Illinois Ups The Pressure On BP - Looking At Indiana-Issued Air Permit

Yesterday we commented about The Chicago Sun Times taking an editorial position in favor of a BP fuel boycott in the Chicago, Illinois area, offered in response to more liberal wastewater discharge permit conditions, granted by neighboring Indiana to a BP refinery.

The boycott-BP stance seems a metaphor for broader changes now being seen in the national political atmosphere, with the management of shared environmental resources getting serious attention and urban newspapers wanting the green, urban demographic to take a bite of their subscription services. That's us TreeHuggers.

What a lovely scene now unfolds before us: managing editors of big city papers pressuring reporters to take a pro-business slant, while subscription managers beg for stories that actual customers want to read about, that align with their green values. Gotta love that free market.

Back to the permits thing. The "challenge and response" scenario begun a few months ago, when the State of Indiana issued an expanded Lake Michigan wastewater discharge permit (see early posts here and also here). Since then, responses and further challenges have flared, back, and forth, across state lines.

Reminder to politicians and executives: pollution knows no border; and, good treatment makes good neighbors.

Keeping the pressure on BP and Indiana, Illinois is now challenging the basis of an earlier air permit issuance. We'd guess US-EPA, which is responsible for delegating permitting authority to states, will need to engage with both the water and air permit disputes at the highest level - just in time for national elections. Interesting times to come.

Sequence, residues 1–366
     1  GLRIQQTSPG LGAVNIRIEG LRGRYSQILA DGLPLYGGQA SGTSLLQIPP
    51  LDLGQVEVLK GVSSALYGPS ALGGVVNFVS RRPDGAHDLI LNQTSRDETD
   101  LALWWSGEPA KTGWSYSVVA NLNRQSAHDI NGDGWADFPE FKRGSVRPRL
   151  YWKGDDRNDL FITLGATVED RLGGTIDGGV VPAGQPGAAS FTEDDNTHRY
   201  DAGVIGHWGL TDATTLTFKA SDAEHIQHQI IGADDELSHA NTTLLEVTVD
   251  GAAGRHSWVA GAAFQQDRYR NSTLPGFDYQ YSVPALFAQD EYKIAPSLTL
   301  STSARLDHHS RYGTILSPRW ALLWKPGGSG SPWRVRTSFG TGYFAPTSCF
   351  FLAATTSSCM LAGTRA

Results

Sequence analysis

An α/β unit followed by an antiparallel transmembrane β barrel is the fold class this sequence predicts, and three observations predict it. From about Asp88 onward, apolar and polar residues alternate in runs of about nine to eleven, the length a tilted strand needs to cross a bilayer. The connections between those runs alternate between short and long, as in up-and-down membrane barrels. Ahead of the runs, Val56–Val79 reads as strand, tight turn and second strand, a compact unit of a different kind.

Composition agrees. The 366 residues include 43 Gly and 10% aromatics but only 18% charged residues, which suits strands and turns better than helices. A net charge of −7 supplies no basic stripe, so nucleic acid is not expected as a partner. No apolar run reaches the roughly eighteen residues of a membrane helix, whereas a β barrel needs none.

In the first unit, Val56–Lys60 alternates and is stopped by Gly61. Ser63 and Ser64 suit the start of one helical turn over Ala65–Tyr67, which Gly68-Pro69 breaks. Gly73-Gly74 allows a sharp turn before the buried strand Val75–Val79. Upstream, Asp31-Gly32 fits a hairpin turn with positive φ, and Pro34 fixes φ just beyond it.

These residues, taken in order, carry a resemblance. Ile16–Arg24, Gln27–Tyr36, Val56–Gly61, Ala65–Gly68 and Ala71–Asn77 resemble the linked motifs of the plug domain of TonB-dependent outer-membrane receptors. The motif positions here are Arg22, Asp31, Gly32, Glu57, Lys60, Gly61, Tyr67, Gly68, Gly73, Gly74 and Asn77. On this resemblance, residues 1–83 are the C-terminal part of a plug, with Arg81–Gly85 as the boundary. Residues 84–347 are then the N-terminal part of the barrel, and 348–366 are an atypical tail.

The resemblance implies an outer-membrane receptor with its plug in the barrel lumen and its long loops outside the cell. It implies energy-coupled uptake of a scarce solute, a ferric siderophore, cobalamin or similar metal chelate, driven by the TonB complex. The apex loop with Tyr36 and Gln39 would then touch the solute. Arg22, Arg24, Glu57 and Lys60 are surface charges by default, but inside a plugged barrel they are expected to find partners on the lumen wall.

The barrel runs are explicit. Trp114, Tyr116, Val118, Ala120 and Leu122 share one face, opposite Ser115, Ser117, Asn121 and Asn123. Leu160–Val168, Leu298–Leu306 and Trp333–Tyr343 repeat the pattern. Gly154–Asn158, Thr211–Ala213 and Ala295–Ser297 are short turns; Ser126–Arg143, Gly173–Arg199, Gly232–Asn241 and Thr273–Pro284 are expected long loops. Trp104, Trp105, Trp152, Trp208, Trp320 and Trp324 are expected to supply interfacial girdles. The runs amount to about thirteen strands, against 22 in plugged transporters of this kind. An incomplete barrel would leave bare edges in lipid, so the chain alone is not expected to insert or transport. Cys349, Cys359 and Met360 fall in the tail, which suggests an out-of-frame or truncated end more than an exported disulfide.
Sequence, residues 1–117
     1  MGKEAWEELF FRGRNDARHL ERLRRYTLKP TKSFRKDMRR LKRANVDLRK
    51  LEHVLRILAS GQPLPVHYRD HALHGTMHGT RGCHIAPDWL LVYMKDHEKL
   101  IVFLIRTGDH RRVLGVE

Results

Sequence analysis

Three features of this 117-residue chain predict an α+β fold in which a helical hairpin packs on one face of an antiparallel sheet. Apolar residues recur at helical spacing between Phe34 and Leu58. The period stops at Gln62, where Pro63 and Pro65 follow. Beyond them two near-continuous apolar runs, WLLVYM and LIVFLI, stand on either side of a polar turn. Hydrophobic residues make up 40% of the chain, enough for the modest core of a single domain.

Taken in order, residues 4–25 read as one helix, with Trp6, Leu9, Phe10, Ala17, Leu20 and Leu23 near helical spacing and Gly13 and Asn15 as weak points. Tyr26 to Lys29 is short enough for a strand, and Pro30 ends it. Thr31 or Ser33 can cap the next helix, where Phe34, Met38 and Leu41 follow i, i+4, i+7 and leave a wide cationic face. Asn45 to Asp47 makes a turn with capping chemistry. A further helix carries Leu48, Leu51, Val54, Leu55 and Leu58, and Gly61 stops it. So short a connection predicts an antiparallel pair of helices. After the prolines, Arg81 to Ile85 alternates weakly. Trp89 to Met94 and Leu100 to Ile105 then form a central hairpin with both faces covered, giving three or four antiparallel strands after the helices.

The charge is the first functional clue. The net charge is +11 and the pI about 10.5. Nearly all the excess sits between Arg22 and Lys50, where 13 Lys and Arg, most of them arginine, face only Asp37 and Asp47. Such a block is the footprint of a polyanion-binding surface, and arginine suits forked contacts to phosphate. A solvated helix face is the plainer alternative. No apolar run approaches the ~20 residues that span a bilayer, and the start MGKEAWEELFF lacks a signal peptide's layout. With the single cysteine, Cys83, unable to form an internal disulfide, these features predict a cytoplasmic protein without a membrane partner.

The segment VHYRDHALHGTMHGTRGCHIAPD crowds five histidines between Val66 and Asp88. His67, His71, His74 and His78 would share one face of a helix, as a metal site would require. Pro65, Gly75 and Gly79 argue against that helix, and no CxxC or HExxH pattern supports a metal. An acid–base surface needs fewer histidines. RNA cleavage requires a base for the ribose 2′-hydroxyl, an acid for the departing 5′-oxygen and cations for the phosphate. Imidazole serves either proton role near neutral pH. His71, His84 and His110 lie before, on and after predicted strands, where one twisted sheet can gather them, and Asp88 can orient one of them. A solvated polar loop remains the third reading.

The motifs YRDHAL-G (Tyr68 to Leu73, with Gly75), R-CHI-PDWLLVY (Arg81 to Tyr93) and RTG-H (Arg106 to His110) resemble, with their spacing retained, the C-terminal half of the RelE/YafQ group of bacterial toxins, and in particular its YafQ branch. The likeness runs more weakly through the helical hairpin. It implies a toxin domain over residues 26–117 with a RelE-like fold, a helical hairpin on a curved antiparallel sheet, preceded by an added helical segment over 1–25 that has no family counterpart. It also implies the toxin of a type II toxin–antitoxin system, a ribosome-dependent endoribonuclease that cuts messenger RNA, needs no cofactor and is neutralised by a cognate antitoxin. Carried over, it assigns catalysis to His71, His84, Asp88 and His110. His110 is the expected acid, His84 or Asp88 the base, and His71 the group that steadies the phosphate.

"WHITING, Ind. (AP) - Government officials and environmentalists in Illinois have asked for an administrative review of an air quality variance that Indiana granted BP America for the company's Whiting oil refinery.

That variance would allow BP to continue to emit the same amount of tiny particles into the air as it currently does rather than cutting its emissions by half, as would be required to meet new U.S. Environmental Protection Agency gas emission estimates.

Because the EPA doubled its estimates of how much particulate matter is emitted from gas, BP would have to reduce its emissions by about 50 percent to comply with its current limits.

The City of Chicago, the Illinois Attorney General, the Natural Resources Defense Council and the Environmental Law and Policy Center filed a petition Friday asking the Indiana Office of Environmental Adjudication to review the variance issued July 5 by the Indiana Department of Environmental Management."

Via:: Chicago Tribune, Illinois officials seek review of BP air quality variance Image credit:: Whiting Refinery, by Justin Steel, for New York Times